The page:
Walcot Hall, Lydbury North. The gardens and arboretum of this former home of Clive of India are open for charity under the National Garden Scheme from 1.30p.m. to 5.30 p.m. both days.(01588) 680570

Showcasing the best art from the Shropshire Hills, open studios, joint shows and an art trail.
07736 381287

The annual opera performed by Opera a la Carte returns to the Ballroom for the 14th year running with a captivating performance of Rigoletto.
(01588) 680570

Many gardens, usually about 20, in the village and surrounding area open to the public.
Heather Morris (01588) 640217

A flower festival in the Church on Saturday   All groups in the town will be asked to take part and make an arrangement with theme of Midsummer Rejoicing. There will also be tombola and a raffle. There will be a Rush Cart parade with Morris Teams on the Sunday morning followed by a service with dancing at St. John’s Parish Church and then Morris dancing outside the Church and later in the Three Tuns Yard.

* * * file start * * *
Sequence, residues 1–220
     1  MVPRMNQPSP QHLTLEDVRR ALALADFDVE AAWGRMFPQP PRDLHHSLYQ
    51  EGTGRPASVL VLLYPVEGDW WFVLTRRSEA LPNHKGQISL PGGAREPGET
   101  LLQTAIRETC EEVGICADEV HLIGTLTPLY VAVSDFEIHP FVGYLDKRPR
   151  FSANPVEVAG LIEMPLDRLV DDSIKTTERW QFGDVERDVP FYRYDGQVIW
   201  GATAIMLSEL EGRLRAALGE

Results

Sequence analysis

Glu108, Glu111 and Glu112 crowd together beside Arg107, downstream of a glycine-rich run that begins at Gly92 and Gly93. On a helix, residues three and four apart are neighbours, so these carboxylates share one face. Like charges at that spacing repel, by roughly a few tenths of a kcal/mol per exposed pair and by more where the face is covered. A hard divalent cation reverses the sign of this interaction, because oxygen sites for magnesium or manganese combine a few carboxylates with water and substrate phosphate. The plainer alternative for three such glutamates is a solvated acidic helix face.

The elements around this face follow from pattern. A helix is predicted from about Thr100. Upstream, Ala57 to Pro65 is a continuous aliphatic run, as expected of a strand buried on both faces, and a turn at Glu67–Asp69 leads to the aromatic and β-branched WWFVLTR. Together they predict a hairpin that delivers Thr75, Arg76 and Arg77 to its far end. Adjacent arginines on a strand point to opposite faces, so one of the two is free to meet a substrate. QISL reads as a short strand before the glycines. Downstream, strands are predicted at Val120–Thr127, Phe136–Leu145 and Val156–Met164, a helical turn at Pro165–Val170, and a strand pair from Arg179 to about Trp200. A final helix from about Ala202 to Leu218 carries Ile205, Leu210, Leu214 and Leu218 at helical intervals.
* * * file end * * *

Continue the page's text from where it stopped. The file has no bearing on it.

(01588) 630324

On your bike to help Arts Alive on the road
Chose from one of three routes (28, 45 and 68 miles) to suit your cycling ambition. Friendly atmosphere, handmade participant medals and great homemade cakes at feed stops in village halls en-route. Do yourself a favour and support the arts! entries via British Cycling website.

Teams of 2 with tandems swim cycle and run starting from The Community College and SpArC grounds Bishop’s Castle.